Shakespeare Statue in Central ParkSometimes things come together. Thanks to my good friend Susan Blakeney, I had an out-of-the-blue opportunity last week to attend a free writing workshop hosted by Driftwood Theatre. I don’t write plays, but I do like to learn about different types of writing whenever I get the chance. You never know what will come in handy. What cinched it for me, though, was the name of the presenter: Rob Corbett.

Rob was part of my first writing group, years ago. We all eventually moved too far away from each other to make meeting up viable, but we keep in touch. Rob wrote novels and plays — really funny novels and plays. Sometimes darkly funny. He’s a talented writer and an insightful critiquer, and someone I like and respect very much. He also lives deep enough in Toronto that we don’t see each other very often. So if he was coming out to Clarington to host a writing workshop, there was no way I was going to miss it.

I don’t want to give away too much of Rob’s talk here. It’s a good one. He gives bits of writing advice that he picked up from reading Shakespeare. True to form, he’s funny and insightful, all at the same time. One awkward bit: he usually uses me as an example when he gives this talk. Something about perseverance and the fact that writers write. I had to correct some of his facts, though; it seems I make a better anecdote when I’m not listening in. Poor Rob.

(Another strange moment: realizing that the two other writers in class with me were the grown children of two of my writing friends. I felt terribly, painfully old.)

I learned some things about Shakespeare that I didn’t know (should have attended that third year Shakespeare seminar more often), and was reminded of some things about writing that I do know. One fun fact: Troilus and Cressida was registered in 1603, but never produced during Shakespeare’s lifetime. Why not? Because it’s just not a good play, and Shakespeare must have known it. Rob spent months of his life trying to prove otherwise for an academic paper and was forced to concede the point. Even Shakespeare wrote a dog now and then.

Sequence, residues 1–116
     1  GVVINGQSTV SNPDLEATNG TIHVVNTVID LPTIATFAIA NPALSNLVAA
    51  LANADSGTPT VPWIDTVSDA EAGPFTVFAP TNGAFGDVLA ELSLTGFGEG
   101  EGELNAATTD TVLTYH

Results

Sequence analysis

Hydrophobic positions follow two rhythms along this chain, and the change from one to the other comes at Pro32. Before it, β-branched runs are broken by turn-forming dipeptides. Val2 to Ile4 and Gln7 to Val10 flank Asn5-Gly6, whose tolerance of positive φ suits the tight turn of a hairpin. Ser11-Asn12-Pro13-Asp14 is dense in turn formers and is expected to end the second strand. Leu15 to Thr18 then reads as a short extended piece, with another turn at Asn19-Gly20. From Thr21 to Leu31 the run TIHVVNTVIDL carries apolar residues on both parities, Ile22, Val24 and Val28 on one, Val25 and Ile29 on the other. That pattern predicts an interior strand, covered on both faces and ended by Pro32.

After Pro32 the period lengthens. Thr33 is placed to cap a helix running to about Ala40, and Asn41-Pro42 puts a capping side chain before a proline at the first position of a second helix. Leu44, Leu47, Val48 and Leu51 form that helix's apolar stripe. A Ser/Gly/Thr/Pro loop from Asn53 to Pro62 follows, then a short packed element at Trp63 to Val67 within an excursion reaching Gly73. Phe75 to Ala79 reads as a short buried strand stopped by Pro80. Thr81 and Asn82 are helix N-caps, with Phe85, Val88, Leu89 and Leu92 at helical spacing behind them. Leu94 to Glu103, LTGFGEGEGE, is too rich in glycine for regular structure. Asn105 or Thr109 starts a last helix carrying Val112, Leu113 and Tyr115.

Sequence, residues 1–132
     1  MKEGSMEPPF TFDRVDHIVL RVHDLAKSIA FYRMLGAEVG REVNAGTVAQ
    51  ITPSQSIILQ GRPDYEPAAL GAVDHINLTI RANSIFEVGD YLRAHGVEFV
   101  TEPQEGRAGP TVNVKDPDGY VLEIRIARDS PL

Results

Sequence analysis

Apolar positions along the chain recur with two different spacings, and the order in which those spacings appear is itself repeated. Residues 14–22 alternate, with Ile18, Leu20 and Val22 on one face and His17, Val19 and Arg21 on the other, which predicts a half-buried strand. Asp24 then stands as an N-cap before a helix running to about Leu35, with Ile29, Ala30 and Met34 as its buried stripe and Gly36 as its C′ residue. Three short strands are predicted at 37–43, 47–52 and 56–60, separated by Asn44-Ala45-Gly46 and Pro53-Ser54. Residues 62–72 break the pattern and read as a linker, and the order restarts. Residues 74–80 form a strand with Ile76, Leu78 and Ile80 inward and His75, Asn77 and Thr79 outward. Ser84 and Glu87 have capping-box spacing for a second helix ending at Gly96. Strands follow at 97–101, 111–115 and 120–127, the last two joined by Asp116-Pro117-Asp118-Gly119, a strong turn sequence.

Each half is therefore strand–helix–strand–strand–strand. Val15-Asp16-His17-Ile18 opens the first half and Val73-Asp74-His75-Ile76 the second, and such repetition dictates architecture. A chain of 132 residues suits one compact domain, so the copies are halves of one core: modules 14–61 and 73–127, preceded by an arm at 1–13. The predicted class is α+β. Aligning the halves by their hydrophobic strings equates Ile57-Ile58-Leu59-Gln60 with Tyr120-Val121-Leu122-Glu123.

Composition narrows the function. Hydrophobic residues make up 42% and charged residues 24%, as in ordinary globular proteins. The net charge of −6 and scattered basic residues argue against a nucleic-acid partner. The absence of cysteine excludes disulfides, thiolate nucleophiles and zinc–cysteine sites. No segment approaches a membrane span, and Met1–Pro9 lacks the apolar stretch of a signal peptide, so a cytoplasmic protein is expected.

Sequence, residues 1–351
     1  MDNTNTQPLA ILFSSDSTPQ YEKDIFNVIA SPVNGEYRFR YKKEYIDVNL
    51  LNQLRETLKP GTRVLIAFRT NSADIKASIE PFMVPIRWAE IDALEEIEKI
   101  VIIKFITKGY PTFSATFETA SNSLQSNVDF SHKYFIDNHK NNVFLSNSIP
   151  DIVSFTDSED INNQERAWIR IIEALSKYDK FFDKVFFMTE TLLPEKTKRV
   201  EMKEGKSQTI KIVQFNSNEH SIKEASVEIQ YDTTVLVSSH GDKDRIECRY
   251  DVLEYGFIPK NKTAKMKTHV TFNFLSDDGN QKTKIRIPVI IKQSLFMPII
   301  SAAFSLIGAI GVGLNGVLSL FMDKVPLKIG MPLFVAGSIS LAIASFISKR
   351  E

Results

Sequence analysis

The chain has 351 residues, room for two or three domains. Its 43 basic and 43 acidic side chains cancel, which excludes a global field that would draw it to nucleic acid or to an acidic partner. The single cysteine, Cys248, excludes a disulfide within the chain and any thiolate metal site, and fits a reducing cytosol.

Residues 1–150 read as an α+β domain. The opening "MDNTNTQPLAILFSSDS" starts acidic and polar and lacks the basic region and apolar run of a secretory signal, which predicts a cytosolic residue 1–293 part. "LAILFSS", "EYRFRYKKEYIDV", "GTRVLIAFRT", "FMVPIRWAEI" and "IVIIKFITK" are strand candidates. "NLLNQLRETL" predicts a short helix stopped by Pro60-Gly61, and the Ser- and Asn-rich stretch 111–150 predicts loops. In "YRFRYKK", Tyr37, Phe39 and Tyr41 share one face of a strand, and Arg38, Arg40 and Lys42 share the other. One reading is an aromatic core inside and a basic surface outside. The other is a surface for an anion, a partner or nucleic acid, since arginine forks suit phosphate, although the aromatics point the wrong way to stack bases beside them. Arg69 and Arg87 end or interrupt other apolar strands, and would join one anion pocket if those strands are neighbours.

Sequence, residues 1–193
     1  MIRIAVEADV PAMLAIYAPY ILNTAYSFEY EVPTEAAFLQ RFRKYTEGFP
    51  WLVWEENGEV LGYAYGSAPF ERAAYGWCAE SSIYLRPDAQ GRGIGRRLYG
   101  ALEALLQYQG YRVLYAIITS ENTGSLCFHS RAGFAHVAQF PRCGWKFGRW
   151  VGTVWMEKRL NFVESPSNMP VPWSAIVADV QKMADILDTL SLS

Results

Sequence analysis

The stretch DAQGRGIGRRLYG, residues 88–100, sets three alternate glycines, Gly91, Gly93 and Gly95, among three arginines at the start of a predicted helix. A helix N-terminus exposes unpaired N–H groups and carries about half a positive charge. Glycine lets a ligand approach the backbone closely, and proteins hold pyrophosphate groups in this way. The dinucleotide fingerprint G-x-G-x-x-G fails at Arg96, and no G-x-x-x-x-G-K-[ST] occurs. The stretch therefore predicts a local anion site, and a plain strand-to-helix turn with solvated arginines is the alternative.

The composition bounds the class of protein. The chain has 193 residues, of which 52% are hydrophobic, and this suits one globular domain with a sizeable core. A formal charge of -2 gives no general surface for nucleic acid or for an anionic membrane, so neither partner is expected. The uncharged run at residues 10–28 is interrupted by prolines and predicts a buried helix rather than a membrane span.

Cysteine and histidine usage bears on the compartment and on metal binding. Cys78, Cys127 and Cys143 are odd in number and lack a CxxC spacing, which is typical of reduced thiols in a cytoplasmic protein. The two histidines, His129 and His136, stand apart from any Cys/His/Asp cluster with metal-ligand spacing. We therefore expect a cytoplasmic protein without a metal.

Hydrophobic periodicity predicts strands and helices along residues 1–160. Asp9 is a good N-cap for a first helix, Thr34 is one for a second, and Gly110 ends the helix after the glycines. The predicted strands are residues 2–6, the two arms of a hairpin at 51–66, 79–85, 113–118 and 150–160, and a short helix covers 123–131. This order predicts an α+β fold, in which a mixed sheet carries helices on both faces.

That’s oddly comforting.

Rob talked about story structure. It wasn’t new to me, since I’ve done a lot of reading on the subject, but every teacher presents things in a different way. Sometimes old advice can sound new. Rob talked about the midpoint as the point of full commitment. That fits in with other things I had read, but somehow seems clearer.

He talked about focus. The hook of any story is a question, and that question is not answered until the end. If you don’t answer the question, or if you answer it too soon, the reader will be disappointed. For me, this comes back to remembering what the story is about.

He also gave some advice that resonated for me because I’m still struggling with the ending of one of my works-in-progress. For an “up” ending, it’s best if the reader first thinks the character has lost. For a “down” ending, it’s best if the fall comes right after a moment of triumph. The greater the contrast, the greater the impact.

I want an “up” ending, but right now things are just falling flat. Maybe what I need to do is think about what it would look like if the main character lost. Maybe I need to find a way to make that happen, or seem like it does. When we talked about our projects, Rob asked me a question that feels like something straight out of Don Maass. “What is your character most afraid of?” Figure it out, he said, and make it happen.

Wow, I miss having Rob in my critique group.

I’m going away for a couple of days next week, holing up with a friend to write. I’m going to bring that problem manuscript with me, and Rob’s suggestions. Because something about it just feels right, and I think maybe this is the puzzle piece that will solve it.

It’s funny how these chances sometimes come out of nowhere. It was tricky, cramming that workshop into an already-full day, but I’m glad I went, and not just for the chance to catch up with Rob again (although that was lovely). Rob, if you read this, please bring Lou and the kids out to Whitby soon. We can do the Starr Burger thing.

But I digress.

Really, all I can say is, if you have a chance to learn or to do something new, take it. If someone offers you advice, listen. Try it, even it it seems basic or obvious. Hear it, even if you’ve heard it before. You never know when something will click.

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2 thoughts on “The Right Advice at the Right Time

  • August 20, 2011 at 10:22 am
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    I’m delighted that Rob’s workshop proved so inspiring! And just so you know, you’re the one who’s always encouraged me to learn and listen at every opportunity… Here’s to solving the puzzle of your work-in-progress!

    Reply
    • August 20, 2011 at 7:42 pm
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      Thanks, Sue! And thanks for the tip about Rob’s workshop!

      Reply

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